AFGHANISTAN: Officials may have averted a meltdown, but the country remains in a political crisis a day after presidential contender Abdullah Abdullah threatened to form a parallel government. Abdullah led the first round of popular voting but fell behind in the runoff count by 1 million votes to rival Ashraf Ghani, the candidate more closely aligned with current President Hamid Karzai, and a Pashtun. Abdullah charges voter fraud, and Ghani now has agreed to an audit of polling stations.
It’s worth noting that Abdullah is widely respected in Afghanistan, and stood down from elections against Karzai in 2010 because he alleged that corruption and fraud were so widespread. In June, his campaign released audio recordings of a senior election official allegedly saying, “Take the sheep into the mountain and bring them back stuffed,” referring to illegally filled ballot boxes.
Civilian casualties in Afghanistan are up 24 percent this year as a result of increased clashes between insurgents and government forces.
ISRAEL has launched an all-out attack on Gaza, threatening a ground invasion, over repeated Hamas shelling of Israeli cities and towns. Hamas, which ostensibly controls Gaza, has decided to go for broke.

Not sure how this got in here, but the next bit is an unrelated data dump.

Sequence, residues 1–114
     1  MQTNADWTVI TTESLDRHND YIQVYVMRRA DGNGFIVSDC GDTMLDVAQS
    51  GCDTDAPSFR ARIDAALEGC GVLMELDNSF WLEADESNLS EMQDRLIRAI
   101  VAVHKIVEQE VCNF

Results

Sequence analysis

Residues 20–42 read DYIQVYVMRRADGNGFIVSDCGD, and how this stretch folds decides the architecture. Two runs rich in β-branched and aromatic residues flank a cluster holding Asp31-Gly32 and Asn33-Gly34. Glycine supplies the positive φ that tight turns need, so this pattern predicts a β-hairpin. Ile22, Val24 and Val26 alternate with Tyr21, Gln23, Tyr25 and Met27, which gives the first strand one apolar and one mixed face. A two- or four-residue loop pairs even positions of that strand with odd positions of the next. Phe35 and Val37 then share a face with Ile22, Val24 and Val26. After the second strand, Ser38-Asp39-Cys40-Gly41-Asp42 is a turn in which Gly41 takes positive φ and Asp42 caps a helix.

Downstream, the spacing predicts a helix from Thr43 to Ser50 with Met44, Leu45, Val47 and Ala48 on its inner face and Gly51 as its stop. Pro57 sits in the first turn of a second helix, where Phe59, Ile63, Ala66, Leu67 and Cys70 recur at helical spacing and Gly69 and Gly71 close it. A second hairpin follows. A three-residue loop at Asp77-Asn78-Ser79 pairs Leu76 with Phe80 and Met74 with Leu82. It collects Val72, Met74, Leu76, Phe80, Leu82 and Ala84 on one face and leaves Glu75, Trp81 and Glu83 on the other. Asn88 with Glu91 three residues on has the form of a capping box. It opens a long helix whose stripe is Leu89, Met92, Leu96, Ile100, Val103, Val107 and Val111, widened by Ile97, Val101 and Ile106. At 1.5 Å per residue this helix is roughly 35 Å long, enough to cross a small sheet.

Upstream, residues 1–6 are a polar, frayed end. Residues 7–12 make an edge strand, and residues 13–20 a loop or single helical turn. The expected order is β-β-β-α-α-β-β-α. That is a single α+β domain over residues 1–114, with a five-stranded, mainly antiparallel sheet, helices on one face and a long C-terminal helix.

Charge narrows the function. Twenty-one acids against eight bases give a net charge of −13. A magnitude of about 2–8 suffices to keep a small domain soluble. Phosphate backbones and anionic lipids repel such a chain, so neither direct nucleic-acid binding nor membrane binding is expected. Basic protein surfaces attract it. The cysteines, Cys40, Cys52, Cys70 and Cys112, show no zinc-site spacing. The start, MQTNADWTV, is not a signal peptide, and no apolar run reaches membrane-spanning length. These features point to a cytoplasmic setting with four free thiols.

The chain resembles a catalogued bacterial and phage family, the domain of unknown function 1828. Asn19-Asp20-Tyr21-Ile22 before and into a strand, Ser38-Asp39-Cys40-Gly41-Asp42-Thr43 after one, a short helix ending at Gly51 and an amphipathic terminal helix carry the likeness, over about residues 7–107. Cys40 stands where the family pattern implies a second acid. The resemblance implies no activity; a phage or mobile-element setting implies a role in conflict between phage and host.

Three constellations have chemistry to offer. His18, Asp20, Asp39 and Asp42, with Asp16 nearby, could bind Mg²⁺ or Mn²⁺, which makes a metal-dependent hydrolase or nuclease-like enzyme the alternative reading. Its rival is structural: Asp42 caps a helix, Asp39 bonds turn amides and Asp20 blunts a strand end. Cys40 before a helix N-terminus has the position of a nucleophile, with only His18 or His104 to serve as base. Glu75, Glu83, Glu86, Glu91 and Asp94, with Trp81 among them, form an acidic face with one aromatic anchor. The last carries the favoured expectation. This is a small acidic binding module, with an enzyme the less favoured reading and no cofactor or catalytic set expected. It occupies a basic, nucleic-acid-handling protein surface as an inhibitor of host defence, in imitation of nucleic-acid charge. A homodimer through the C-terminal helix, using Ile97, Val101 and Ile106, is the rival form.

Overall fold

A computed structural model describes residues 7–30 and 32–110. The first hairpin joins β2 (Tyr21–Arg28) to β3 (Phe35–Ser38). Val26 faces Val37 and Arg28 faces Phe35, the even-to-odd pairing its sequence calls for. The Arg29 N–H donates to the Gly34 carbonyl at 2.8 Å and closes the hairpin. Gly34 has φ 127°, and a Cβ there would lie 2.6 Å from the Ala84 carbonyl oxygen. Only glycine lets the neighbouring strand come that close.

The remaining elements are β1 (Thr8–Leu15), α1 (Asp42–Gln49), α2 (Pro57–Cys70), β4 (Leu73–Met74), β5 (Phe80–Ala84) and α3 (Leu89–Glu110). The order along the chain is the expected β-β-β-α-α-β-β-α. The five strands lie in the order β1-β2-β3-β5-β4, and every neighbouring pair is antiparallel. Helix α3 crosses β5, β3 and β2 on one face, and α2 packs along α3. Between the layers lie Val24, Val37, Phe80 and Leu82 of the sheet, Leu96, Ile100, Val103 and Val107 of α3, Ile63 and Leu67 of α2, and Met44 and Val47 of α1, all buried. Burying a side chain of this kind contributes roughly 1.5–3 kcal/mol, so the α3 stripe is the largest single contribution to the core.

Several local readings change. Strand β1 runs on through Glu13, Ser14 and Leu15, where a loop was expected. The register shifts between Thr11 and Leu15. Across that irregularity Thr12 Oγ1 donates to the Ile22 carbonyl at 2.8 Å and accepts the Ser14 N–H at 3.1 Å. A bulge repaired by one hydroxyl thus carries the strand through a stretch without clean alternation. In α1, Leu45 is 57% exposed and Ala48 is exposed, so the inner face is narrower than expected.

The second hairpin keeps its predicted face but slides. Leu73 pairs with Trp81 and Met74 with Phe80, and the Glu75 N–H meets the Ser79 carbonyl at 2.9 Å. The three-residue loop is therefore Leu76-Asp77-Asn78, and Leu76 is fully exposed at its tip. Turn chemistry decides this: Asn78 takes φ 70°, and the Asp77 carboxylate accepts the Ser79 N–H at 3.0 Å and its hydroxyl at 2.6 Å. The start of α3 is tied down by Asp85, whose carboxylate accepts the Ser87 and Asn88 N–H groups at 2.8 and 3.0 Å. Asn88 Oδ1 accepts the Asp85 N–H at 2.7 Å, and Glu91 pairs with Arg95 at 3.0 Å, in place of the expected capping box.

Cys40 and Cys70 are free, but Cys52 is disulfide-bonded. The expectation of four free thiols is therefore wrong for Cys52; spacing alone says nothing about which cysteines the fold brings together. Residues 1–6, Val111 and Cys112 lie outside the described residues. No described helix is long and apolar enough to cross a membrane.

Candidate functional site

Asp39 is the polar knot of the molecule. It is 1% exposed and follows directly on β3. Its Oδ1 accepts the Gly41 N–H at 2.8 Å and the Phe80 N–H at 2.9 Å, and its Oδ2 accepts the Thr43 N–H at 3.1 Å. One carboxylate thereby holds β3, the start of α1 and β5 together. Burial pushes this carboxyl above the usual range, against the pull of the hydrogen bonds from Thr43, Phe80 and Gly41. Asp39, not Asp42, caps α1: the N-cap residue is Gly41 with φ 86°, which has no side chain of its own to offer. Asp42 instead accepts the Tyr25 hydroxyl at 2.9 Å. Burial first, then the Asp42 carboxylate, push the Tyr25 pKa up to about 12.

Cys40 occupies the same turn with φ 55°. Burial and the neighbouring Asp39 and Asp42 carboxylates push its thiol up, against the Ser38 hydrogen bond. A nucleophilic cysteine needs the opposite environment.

Not all the photos under the hashtag #GazaUnderAttack can be believed.
CENTRAL AFRICAN REPUBLIC: Rebel fighters and Muslim civilians attacked a Catholic church in Bambari where thousands of residents had taken refuge. “We don’t have the exact death toll yet, but many people have been killed. As I’m speaking to you, they are still there,” Rev. Jesus Martial Dembele, vicar general for the archdiocese of Bangui, told Reuters.
AFRICA: Carys Parker found her first year of college more of an adjustment than most. She’d spent her entire life aboard Mercy Ships, where her father for 27 years has worked as a surgeon, sailing the seas to West African ports, even graduating from high school on board.
UNITED NATIONS: With only 18 countries worldwide recognizing same-sex marriages, the UN nonetheless on Monday extended benefits—including health coverage and travel—to include partners of employees “married in a country where same-sex marriages are legal.” Previously, a staff member’s personal marital status “was determined by the laws applicable in their country of nationality.” The new policy could mean conflict with UN member states where the organization works the most—38 of 54 sub-Saharan countries and most of the Near East and Middle East outlaw homosexuality.